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Isolated H-bridges Maintaining 90 degrees sync'd phases
#1
UPDATE--  After much testing- This Code Presented Below Did NOT work that great.  Changing frequency disrupted the phase shift.  I will leave it up in case someone wants to do something similar in the future. 


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These codes are for a Master and Slave Arduino.  Each Arduino has it's own H bridge and it's own NRF24L01 transceiver.

The aim is for the 2 outputs to be square wave AC that are phase shifted 90 degrees from each other WITHOUT sharing or bonding ground wires.  

Your IDE must have the RF24 library for this code.

MASTER CODE
H-bridge pins are 6/7 on this example
pins 2/3/4 are supplying constant 5V for my H-bridge needs

Code:
#include <SPI.h>
#include <nRF24L01.h>
#include <RF24.h>

RF24 radio(9, 10); // CE, CSN
const byte address[6] = "00001";
int h6 = 6; // H-bridge control pin 1
int h7 = 7; // H-bridge control pin 2

void setup() {
  Serial.begin(9600); // Initialize Serial communication
  pinMode(2, OUTPUT); // Keep pin 2 HIGH
  digitalWrite(2, HIGH);
  pinMode(3, OUTPUT); // Keep pin 3 HIGH
  digitalWrite(3, HIGH);
  pinMode(4, OUTPUT); // Keep pin 4 HIGH
  digitalWrite(4, HIGH);
  pinMode(h6, OUTPUT);
  pinMode(h7, OUTPUT);

  radio.begin();
  radio.openWritingPipe(address);
}

void loop() {
  // Set "Polarity 1" and send the command to the slave
  digitalWrite(h6, HIGH);
  digitalWrite(h7, LOW);
  Serial.println("Polarity 1");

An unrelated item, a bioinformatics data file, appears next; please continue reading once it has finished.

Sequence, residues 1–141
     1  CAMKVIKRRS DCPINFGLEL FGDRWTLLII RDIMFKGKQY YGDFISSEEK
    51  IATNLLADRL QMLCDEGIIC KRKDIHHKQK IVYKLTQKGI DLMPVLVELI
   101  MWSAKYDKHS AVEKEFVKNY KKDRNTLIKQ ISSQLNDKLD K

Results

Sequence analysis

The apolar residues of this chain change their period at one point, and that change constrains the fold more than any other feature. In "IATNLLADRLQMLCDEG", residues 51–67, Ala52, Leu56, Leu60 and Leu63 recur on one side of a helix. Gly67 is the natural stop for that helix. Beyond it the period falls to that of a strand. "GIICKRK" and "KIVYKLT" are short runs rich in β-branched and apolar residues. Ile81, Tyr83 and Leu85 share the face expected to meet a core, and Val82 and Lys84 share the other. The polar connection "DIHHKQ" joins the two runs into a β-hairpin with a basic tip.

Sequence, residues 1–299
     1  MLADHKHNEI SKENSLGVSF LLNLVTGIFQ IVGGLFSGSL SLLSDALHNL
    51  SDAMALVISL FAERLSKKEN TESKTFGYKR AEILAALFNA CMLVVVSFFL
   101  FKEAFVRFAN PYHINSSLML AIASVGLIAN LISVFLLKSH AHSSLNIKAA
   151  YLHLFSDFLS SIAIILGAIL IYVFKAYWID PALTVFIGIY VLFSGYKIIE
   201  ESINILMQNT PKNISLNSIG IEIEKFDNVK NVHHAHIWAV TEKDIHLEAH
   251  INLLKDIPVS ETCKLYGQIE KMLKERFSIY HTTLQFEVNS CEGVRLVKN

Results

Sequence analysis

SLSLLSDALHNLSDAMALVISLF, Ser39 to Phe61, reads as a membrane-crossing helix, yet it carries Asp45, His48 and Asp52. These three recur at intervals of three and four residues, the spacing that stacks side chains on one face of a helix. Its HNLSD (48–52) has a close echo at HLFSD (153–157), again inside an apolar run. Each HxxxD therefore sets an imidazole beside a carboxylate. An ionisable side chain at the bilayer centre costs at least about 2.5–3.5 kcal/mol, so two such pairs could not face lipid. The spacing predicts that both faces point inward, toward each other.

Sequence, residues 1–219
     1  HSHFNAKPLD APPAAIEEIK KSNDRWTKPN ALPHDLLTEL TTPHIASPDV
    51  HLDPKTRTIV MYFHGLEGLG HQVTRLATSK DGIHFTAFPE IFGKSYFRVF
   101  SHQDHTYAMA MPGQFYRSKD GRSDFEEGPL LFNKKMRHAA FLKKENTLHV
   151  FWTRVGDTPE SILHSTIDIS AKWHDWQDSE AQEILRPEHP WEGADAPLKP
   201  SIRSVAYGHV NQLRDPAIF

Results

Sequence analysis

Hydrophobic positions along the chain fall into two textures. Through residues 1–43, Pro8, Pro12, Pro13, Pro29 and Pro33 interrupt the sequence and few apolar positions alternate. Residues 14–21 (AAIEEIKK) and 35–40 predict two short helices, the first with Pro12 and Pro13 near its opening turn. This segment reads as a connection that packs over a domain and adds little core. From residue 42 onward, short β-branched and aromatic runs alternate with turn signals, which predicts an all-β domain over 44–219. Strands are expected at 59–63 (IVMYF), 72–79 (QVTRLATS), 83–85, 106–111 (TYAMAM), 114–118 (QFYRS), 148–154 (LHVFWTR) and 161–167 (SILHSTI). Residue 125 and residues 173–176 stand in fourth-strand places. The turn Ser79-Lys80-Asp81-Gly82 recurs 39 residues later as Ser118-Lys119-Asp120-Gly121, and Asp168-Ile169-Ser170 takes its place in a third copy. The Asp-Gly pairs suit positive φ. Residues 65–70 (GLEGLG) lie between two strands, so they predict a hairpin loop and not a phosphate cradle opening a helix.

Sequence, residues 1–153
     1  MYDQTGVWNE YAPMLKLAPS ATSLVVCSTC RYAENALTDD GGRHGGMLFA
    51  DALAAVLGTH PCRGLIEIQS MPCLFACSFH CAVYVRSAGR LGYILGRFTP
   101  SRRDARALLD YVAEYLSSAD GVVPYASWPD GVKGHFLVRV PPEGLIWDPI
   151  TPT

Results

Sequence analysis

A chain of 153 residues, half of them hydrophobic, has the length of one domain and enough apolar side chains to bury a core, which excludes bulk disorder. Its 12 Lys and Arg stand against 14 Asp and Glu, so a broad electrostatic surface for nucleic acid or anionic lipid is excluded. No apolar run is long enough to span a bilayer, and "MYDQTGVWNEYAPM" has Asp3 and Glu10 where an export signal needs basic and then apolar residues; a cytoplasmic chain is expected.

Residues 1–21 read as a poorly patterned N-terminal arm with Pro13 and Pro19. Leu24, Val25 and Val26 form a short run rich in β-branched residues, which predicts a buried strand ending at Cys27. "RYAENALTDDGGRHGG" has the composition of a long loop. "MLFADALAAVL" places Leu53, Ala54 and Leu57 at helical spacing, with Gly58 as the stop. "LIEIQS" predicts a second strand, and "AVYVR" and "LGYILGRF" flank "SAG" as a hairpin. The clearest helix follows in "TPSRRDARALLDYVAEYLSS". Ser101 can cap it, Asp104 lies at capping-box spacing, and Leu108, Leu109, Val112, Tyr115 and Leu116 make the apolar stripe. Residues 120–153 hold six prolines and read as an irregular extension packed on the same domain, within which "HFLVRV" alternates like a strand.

sendCommandToSlave("Polarity 1", sizeof("Polarity 1"));
  delay(10);

  // Set "Polarity 2" and send the command to the slave
  digitalWrite(h6, LOW);
  digitalWrite(h7, HIGH);
  Serial.println("Polarity 2");
  sendCommandToSlave("Polarity 2", sizeof("Polarity 2"));
  delay(10);
}

void sendCommandToSlave(const char* command, size_t size) {
  radio.write(command, size);
}


SLAVE CODE
H-bridge pins are 14/15 on this example
pins 18/19 are supplying constant 5V for my H-bridge needs

Code:
#include <SPI.h>
#include <nRF24L01.h>
#include <RF24.h>

RF24 radio(9, 10); // CE, CSN
const byte address[6] = "00001";
int h1 = 14; // H-bridge control pin 1
int h2 = 15; // H-bridge control pin 2

void setup() {
  // Ensure constant HIGH pins
  pinMode(18, OUTPUT);
  digitalWrite(18, HIGH);
  pinMode(19, OUTPUT);
  digitalWrite(19, HIGH);

  pinMode(h1, OUTPUT);
  pinMode(h2, OUTPUT);

  Serial.begin(9600); // Initialize Serial communication

  radio.begin();
  radio.openReadingPipe(0, address);
  radio.startListening();
}

void loop() {
  // Wireless communication handling
  if (radio.available()) {
    char command[15];
    radio.read(&command, sizeof(command));

    if (strncmp(command, "Polarity 1", 10) == 0) {
      // Process "Polarity 1" command
      Serial.println("Received Polarity 1");
      digitalWrite(h1, HIGH);
      digitalWrite(h2, LOW);
    } else if (strncmp(command, "Polarity 2", 10) == 0) {
      // Process "Polarity 2" command
      Serial.println("Received Polarity 2");
      digitalWrite(h1, LOW);
      digitalWrite(h2, HIGH);
    }
    // You can add more conditions for other commands if needed
  }
}
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#2
Sweet ....

https://www.youtube.com/watch?v=Kfx2d4d-oko


EDIT for an addition of a hyper link to H bridge descriptions.
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